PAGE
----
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Ancient Egypt
1. Introduction
2. People
3. Life styles
4. Culture
5. Education and Science
6. Society
7. Economy
8. Government
9. Cities and Villages
10. Language
11. Religion
12. Kings / periods
13. History
14. Map

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Open map of Ancient EgyptAncient Egypt / Third Intermediate Period /
25th Dynasty

Years BCE
Piy 747-716
Shabaqo 716-707
Shabitqo 707-690
Taharqa 690-664
Tanutanami 664-656

Stele of Shabaqo (right) making offerings to the god Horus and goddess Wadjet (left).
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Stele of Shabaqo (right) making offerings to the god Horus and goddess Wadjet (left).

Representation of King <A HREF=tanutanami.htm>Tanutanami</A>.

Representation of King Tanutanami.

Dynasty of Ancient Egypt 747-656 BCE, 91 years, consisting of 5 kings, belonging to the Third Intermediate Period.
This dynasty emerged in Napata, a kingdom of Cush, corresponding to modern northern Sudan. Cushite King Piy made effective advances into Upper Egypt in the middle of 8th century and managed to establish permanent control. In 732, he led a northbound campaign that came as far north as Memphis, but he did not proceed into the Nile Delta, thereby allowing the 22nd Dynasty rulers of Lower Egypt to remain in power. Rather he established this new dynasty, ruling from Memphis.
In 715, the new Cushite king, Shabaqo, defeated the rulers of the 24th Dynasty in the most brutal way. The 22nd Dynasty also came to its end, by that time a weak state structure. Shabaqo was able to take control over a united Egypt, and since he also was king of Cush, Egypt now came to its greatest extent along the Nile ever. Egypt would remain united until 671, altogether 44 years.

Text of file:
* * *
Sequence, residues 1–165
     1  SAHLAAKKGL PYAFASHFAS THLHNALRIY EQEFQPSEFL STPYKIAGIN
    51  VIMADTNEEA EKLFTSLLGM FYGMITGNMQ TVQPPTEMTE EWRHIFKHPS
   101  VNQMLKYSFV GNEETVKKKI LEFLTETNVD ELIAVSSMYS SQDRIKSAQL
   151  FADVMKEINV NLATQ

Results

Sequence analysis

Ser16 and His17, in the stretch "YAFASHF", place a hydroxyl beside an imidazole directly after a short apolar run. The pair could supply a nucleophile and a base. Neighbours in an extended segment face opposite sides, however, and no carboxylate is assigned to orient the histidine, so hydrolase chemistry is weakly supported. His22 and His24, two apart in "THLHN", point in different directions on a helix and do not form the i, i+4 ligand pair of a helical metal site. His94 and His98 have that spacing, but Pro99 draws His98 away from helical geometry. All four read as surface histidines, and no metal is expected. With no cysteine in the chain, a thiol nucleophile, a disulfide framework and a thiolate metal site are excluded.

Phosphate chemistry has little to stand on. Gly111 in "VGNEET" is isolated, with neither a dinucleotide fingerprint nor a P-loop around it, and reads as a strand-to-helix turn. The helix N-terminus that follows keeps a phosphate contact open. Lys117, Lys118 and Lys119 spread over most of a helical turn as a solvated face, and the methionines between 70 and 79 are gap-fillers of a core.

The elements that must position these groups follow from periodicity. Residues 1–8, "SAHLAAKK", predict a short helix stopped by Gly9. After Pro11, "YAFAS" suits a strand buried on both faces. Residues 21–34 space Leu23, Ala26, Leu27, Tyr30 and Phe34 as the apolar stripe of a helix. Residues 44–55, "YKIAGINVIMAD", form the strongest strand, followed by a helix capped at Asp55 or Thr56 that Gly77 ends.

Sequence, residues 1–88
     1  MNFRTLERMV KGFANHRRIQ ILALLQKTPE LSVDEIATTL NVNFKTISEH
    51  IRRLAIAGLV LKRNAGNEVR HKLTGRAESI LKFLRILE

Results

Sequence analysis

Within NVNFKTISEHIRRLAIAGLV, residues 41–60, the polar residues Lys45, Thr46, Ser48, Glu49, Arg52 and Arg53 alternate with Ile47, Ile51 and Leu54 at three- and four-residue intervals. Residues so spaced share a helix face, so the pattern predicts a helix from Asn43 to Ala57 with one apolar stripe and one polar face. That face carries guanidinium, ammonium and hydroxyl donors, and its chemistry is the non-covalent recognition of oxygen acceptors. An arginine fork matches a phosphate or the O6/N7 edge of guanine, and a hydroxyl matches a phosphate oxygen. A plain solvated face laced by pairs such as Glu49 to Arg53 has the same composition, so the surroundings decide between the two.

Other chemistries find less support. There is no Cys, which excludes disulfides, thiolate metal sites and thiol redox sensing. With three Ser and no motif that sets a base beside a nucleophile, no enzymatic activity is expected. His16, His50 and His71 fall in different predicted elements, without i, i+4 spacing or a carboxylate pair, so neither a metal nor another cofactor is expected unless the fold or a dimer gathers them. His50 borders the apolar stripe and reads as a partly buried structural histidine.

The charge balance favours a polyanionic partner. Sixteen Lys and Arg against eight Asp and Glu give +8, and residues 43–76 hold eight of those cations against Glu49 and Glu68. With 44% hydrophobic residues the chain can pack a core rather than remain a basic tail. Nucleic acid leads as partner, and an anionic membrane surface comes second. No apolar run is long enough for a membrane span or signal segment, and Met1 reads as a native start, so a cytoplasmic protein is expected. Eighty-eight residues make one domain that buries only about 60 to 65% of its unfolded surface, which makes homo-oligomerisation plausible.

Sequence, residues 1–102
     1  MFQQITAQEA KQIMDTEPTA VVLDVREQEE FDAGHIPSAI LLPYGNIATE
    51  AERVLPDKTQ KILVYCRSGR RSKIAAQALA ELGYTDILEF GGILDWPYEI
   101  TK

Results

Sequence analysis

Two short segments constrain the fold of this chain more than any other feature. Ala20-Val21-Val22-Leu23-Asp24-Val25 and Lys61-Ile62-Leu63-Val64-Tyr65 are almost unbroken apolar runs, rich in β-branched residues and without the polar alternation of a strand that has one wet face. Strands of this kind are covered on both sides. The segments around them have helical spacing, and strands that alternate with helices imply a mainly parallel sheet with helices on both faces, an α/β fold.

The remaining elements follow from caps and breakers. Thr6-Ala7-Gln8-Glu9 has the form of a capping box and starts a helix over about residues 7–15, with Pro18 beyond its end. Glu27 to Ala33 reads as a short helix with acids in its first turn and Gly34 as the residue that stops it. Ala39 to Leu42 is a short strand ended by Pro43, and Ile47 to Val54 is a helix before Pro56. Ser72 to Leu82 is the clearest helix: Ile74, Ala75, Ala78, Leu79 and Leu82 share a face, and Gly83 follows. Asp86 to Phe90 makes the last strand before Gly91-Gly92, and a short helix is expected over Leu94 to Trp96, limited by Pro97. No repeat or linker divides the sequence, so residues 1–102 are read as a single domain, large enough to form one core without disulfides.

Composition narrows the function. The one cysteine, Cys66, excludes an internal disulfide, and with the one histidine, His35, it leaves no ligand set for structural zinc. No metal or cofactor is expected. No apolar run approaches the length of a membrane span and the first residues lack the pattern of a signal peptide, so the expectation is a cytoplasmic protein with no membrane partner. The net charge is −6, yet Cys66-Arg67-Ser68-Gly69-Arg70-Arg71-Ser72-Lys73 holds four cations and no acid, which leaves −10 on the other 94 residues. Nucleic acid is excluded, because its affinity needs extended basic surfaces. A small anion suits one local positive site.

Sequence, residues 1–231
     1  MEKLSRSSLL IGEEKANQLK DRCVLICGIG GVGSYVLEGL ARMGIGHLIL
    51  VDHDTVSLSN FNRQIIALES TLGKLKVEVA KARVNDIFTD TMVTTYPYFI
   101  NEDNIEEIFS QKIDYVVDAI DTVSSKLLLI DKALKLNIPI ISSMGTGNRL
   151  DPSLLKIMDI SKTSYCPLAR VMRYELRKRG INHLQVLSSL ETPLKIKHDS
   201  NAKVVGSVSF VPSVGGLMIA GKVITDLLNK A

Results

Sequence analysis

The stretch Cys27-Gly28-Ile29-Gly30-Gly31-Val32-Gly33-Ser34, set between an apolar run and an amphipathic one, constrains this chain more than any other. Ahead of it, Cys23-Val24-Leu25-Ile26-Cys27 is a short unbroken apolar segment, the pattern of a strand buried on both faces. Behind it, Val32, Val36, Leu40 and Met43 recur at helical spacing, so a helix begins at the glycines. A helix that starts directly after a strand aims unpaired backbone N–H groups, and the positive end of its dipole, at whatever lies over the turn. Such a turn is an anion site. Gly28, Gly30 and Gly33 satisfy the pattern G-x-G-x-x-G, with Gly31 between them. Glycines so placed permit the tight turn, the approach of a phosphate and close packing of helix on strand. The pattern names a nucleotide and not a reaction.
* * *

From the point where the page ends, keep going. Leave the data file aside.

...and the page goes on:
The main challenge for Egypt at this time was the emerging Assyrian Empire, which took hold of large parts of the Middle East. When facing the Assyrian army, a united army of Egyptians and Nubians proved not to be very united after all, proving incapable to hold the Assyrians back. In 671, King Taharqa was driven out of Lower Egypt, but returned 2 years later to reassert control over the territory as far north as Memphis, but this would only last 2 years when a new Assyrian campaign was launched on Egypt. Late in the 660's, new Cushite king, Tanutanami launched a successful campaign against Lower Egypt, but again Assyrian troops would drive the Cushites back to Thebes. Tanutanami chose to relocate to his Cushite homelands, and in 656 Thebes passed passively to the new 26th Dynasty of Sais, which was backed by the Assyrians.
The Cushite rulers embraced ancient Egyptian culture, especially Old Kingdom artistry. On Piy's victory stele from 730, he is presented in full conformity with Egyptian culture. Most things indicate that his successors continued such a line; the 25th Dynasty kings brought the tradition of royal burials in pyramids back to life, establishing the royal cemetery at Al-Kurru (modern Sudan).
During this period, the new office called God's wife of Amon, served by a woman, grew largely in influence in Thebes. The office of High Priest lost most of its importance, over a period it appears that it was empty or even shut down.

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By Tore Kjeilen